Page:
Subscribe for Newsletters and Discounts
Be the first to receive our thoughtfully written
religious articles and product discounts.
Your interests (Optional)
This will help us make recommendations and send discounts and sale information at times.
By registering, you may receive account related information, our email newsletters and product updates, no more than twice a month. Please read our Privacy Policy for details.
.
By subscribing, you will receive our email newsletters and product updates, no more than twice a month. All emails will be sent by Exotic India using the email address info@exoticindia.com.

Please read our Privacy Policy for details.
|6
Sign In  |  Sign up
Your Cart (0)
Best Deals
Share our website with your friends.
Email this page to a friend
Books > History > Values and Ethics for Organizations (Theory and Practice)
Subscribe to our newsletter and discounts
Values and Ethics for Organizations (Theory and Practice)
Pages from the book
Values and Ethics for Organizations (Theory and Practice)
Look Inside the Book
Description

Preface

This book is based on the premise that ‘ethics-in-practice’ derives and flows from ‘values-in-the-being’. This is true whether the situation is one of direct ethics or dilemma ethics. Argument, logic, reason-all have a role but upto a point only. If sound, positive, noble human values are nurtured within the process of human development, then ethical behaviour tends to become natural, spontaneous-almost instinctive. The use of cognitive rationality itself is directed or influenced by the quality of human values. within the decision-maker-whether a person or a collectivity.

Part I of the book has six chapters on theoretical aspects of values. Chapter 1 offers a critical review of the gospel of ‘constant change’ and its ethico-moral implications. It posits the countervailing thesis of the ‘unchanging’ as the basis of all change. The poorna and panchakosha models of personality, along with the DI-RI psychological process, are suggested as a permanent foundation for strong human values culture and sustainable ethical actions.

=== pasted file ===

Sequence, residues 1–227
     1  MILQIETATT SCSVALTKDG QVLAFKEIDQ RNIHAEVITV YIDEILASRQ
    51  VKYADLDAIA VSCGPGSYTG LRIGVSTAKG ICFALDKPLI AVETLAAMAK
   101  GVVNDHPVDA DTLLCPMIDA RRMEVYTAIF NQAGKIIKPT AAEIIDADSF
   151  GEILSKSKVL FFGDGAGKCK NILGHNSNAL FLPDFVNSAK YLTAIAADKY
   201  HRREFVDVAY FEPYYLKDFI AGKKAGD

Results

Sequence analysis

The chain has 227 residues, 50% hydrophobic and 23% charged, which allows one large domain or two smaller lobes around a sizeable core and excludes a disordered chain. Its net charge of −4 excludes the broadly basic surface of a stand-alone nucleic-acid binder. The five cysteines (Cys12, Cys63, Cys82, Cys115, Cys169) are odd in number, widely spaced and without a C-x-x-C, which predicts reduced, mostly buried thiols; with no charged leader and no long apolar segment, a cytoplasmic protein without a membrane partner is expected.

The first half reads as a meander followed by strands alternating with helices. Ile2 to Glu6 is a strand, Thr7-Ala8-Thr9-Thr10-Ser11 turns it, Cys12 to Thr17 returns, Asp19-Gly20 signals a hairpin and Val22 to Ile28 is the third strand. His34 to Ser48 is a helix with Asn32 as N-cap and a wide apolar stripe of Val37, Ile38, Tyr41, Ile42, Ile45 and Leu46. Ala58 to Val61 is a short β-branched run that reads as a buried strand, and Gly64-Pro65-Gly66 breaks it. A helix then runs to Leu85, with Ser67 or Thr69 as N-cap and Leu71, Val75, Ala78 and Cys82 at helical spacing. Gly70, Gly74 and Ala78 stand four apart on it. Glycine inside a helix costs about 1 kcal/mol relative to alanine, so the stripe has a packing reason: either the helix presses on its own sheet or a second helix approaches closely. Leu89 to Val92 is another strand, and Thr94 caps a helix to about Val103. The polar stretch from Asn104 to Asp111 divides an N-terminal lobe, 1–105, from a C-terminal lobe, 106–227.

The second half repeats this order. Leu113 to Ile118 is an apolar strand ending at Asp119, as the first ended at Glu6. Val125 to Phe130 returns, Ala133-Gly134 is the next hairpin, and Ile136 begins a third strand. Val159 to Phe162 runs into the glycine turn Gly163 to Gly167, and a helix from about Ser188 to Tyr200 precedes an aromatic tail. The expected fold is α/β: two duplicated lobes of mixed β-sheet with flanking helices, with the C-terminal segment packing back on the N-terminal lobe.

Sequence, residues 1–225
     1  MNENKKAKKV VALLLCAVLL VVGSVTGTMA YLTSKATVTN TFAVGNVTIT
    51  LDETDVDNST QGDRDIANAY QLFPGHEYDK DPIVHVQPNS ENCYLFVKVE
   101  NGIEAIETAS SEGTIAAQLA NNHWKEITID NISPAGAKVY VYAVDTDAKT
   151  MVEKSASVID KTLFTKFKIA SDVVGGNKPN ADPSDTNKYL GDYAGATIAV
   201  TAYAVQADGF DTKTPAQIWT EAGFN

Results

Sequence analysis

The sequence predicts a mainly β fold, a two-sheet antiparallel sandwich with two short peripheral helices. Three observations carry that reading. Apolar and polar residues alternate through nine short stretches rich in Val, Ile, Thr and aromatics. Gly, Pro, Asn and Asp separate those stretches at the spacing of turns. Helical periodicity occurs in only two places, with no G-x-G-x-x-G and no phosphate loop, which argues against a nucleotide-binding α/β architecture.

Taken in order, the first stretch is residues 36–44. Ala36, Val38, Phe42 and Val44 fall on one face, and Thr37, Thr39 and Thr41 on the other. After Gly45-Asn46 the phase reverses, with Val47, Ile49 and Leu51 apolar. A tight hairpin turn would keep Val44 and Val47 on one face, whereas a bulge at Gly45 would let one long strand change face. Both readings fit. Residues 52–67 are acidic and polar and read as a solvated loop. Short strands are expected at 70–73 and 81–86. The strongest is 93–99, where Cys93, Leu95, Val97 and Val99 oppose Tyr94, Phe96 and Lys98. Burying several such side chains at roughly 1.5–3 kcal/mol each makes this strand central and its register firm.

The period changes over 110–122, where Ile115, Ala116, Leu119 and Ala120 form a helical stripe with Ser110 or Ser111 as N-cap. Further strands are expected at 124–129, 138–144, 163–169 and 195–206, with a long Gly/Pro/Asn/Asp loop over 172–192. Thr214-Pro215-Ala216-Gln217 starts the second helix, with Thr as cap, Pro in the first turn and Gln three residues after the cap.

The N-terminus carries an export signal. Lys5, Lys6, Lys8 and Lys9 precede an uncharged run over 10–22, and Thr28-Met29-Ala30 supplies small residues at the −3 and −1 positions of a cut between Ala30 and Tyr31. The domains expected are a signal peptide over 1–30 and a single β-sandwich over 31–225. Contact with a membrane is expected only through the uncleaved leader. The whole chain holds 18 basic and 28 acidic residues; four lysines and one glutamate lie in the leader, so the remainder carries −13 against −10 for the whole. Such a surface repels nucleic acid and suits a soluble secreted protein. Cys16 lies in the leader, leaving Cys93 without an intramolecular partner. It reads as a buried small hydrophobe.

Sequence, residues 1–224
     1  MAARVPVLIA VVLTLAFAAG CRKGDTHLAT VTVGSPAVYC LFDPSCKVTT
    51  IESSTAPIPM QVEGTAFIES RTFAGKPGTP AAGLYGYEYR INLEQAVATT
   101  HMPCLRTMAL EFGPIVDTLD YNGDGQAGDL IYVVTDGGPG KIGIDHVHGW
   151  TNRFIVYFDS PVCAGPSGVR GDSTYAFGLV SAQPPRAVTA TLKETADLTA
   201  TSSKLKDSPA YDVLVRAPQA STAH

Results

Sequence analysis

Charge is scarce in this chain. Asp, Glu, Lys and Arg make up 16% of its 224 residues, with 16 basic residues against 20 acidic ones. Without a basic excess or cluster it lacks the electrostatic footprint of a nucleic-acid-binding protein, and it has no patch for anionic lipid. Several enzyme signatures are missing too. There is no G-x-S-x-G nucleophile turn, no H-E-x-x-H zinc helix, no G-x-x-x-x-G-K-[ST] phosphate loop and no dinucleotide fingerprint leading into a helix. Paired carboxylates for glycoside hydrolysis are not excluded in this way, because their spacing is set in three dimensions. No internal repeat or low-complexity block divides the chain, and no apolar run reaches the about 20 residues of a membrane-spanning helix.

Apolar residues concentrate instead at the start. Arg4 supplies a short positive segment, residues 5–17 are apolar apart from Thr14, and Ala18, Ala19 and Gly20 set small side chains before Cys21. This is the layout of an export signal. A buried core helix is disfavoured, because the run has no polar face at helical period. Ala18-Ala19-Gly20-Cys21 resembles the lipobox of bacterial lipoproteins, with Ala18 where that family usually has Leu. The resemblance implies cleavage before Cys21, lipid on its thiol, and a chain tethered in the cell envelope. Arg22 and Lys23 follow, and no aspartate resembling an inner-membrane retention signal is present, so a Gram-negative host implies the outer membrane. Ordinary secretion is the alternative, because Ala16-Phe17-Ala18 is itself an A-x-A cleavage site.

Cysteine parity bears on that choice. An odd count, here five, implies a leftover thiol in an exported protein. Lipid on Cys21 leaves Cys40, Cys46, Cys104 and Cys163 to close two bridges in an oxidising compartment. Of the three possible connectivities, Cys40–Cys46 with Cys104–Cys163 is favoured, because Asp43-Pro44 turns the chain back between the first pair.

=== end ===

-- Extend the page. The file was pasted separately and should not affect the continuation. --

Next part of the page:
Chapter 2 attempts to offer a mature theoretical framework for steering the process of post-liberalization, globalizing economic development in India. It is argued that unless the balancing perspective of nihshreysa (transcendence) is kept in front while pursuing abhyudaya (prosperity), and the change agents adopt the process of nishkam karma (detached involvement), material prosperity will be achieved at the cost of values and ethics.

Chapter 3 develops a framework for Wisdom Leadership’ Are-prioritized agenda for wisdom-leadership is presented. Wisdom is distinguished from knowledge-the former being grounded in holistic subjective realization, the latter in fragmented objective data. The theory of rita or cosmic order is outlined a wisdom leader needs grounding in the awareness of the rita as the starting point. Such a beginning evolves into rishi-consciousness which is all-perceiving and all-penetrating. And that is the whole point of the Indian civilization.

Chapter 4 carries the ‘subjective’ keynote of Chapter 3 into the field of Quality Management. It argues that TQM in the objective domain of products and services is ultimately dependent upon ‘Total Quality Mind’ which is a subjective variable. Some key features of Total Quality Mind are presented from the deep structure of Indian civilization.

Chapter 5 attempts to complement the preceding insights with theories which can impart both ‘psychological depth’ and ‘philosophical height’ to our ethical strivings. Thus the theory of involution’ and its relationship with the will-to-ethics’, the ethical problems of competition and the theory of Oneness; the guna, karmavada and karmayoga theories, etc. are dealt with in some detail. ‘Consciousness ethics’, not just cognitive ethics, is the worthy goal.

Chapter 6, the final chapter in part I, projects the ethical agenda against the contrasting backdrops of egocentric swarthasangraha (self-serving) on the one hand, and ego-transcending lokasangraha (universal welfare) on the other. The idea of the supra-rational self, beyond the ‘rational ego’, is offered as a foundation for consciousness ethics.